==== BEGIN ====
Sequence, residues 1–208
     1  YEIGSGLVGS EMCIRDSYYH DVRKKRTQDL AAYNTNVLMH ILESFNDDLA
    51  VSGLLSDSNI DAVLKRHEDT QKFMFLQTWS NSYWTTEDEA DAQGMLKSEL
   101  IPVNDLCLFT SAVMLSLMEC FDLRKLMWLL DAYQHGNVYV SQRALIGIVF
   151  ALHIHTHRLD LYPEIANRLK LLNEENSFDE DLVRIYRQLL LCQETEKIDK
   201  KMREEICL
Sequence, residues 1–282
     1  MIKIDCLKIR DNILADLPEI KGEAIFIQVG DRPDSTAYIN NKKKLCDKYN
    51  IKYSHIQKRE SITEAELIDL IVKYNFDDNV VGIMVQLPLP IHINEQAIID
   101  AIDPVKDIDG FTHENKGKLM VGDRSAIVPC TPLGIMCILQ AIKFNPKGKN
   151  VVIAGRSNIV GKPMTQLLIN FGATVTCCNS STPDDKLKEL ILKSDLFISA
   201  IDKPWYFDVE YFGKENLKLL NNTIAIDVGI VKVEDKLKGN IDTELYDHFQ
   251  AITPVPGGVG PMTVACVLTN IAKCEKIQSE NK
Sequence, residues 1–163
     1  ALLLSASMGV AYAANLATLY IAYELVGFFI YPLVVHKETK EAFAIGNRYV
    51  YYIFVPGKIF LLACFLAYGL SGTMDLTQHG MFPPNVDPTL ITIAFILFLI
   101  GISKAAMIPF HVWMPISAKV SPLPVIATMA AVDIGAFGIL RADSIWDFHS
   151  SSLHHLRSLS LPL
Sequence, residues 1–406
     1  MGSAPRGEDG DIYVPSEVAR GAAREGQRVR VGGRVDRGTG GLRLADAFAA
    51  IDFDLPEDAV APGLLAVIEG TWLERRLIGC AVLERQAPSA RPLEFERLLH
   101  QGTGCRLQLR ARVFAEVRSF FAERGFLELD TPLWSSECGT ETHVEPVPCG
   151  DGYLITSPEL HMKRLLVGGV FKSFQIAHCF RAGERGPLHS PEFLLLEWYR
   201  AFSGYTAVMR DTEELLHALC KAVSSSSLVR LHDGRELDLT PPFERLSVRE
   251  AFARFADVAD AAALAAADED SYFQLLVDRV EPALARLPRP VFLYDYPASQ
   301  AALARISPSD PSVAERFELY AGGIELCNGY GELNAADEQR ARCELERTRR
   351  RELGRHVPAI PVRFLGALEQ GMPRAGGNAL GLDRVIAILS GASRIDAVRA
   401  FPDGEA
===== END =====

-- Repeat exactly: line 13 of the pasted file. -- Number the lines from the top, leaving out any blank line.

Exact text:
   251  AITPVPGGVG PMTVACVLTN IAKCEKIQSE NK